Old Cork was more the unconscious
in concrete. It was more the Palaeozoic
parts of us: darkly lit, dingy, dirty
physical parts of who we are, with peat bogs
ectopically on top of rooftops, the locale like
the body of a man running amok
and being a greaseball all over town.

I remember nineteen eighty-four as a swamp:
herringbones of unlit alleyways with men
in mussed wigs mullocking up poulaphoukas
of boreens, and the river non compos mentis
brimmed with flâneurs foot-sucking their way up Pana
with bullfrogs and pram-carts in a place
that was the psychological equivalent

of a mullet hair-cut on a person—it could stand
a serving of psychology’s shadow side: the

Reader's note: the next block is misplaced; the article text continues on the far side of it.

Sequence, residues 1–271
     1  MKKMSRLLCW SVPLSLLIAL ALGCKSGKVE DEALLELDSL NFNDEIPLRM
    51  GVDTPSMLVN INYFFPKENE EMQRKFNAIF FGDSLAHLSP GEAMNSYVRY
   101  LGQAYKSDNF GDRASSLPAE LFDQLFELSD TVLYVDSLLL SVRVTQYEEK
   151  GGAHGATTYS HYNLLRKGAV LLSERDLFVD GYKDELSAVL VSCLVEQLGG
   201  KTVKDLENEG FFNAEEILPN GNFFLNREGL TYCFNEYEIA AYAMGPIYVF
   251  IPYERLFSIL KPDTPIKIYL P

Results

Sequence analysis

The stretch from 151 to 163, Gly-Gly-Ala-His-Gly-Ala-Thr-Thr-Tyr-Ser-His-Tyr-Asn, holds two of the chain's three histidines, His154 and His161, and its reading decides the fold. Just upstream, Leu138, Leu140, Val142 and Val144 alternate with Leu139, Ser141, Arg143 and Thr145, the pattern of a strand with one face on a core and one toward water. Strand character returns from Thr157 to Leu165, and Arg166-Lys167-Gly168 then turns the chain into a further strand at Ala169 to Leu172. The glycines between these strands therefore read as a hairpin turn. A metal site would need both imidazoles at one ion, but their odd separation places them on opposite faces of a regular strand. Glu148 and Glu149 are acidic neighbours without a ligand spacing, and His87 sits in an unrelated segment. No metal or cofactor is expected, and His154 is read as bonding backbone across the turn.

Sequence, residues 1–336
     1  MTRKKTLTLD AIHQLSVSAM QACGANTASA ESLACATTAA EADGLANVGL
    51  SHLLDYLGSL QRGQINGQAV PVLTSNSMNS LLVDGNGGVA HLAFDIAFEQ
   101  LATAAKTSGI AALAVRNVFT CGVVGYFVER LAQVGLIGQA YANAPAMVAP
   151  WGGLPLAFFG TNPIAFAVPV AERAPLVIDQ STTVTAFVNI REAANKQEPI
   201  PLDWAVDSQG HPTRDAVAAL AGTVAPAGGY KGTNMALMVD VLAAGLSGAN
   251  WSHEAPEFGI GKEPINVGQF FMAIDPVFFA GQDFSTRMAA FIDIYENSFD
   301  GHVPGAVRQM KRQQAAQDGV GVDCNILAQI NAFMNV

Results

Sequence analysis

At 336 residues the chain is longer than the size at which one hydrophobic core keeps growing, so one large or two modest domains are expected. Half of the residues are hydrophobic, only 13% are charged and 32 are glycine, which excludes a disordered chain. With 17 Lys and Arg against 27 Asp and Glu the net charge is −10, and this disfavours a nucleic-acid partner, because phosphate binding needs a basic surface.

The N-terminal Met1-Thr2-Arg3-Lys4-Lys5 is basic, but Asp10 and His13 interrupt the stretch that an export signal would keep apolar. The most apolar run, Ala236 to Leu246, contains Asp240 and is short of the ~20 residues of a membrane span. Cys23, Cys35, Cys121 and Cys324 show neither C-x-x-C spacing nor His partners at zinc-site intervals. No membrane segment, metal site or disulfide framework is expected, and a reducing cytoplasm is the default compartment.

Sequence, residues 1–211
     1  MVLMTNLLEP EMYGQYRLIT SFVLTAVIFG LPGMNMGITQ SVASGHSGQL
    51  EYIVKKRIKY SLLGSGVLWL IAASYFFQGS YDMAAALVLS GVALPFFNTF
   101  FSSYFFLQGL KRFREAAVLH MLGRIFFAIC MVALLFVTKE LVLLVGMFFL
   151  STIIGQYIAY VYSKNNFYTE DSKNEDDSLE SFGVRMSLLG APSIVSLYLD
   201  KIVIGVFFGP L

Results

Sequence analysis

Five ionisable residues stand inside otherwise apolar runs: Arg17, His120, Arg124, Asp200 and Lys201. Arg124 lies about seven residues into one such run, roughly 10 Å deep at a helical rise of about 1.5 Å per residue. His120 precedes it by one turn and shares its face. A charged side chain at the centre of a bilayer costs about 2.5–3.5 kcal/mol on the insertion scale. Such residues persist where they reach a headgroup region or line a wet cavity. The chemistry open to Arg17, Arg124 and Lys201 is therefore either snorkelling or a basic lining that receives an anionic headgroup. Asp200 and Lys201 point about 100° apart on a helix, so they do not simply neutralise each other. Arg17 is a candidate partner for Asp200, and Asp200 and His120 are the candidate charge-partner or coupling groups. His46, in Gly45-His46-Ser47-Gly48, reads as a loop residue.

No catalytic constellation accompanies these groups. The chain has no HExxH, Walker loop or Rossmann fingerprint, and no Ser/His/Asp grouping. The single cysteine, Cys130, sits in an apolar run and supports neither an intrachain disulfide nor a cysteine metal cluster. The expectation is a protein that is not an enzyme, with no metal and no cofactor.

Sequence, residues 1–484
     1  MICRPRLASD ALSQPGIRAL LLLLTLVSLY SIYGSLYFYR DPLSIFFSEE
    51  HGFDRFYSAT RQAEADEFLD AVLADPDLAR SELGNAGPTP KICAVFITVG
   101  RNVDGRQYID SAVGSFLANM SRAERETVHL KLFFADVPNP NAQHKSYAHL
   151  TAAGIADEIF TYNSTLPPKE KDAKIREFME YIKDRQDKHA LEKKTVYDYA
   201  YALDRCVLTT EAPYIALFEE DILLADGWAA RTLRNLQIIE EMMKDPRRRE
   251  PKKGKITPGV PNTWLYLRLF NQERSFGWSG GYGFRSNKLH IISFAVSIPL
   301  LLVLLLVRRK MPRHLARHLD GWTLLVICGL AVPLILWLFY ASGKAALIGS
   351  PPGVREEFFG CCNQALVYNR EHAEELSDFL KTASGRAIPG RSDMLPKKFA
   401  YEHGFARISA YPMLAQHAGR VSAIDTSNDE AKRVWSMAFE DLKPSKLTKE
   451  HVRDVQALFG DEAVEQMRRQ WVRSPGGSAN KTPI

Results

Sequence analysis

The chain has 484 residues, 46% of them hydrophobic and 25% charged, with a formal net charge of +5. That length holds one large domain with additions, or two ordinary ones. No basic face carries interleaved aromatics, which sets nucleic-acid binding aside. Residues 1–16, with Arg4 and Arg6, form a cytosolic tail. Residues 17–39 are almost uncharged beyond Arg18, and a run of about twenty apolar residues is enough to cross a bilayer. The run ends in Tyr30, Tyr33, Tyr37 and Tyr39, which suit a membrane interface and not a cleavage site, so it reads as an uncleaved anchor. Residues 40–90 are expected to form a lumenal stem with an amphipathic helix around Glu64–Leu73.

showbands’ hucklebucking tone-deaf, bodacious
bandwagon chummed-with behind the persona’s back,
psychotic contracts with the banshee and phouka
conceded to in matters of land, and religion’s
piscatorial Christ caught off Pope’s Quay

on a Friday, served with the contents
of the chip-pan. We could pride ourselves on the appalling
creation of conscience in the smithy
of The Late Late Show, be secretly stricken
by our sinful Saturdays at the dogs,
and hoors shaving our blessedness to a measly aureole
of onion rings. Now Cork is more like a fella

thinking too much, smells nicer
than he is, nicer than he should do,
than we are. Waking up in a bone
china shop, and is careful (but living
on the fragile summit of a swarm),
and proudly feels small enough to give himself airs:
his tipples of Cointreau, his (spat-in) canapés.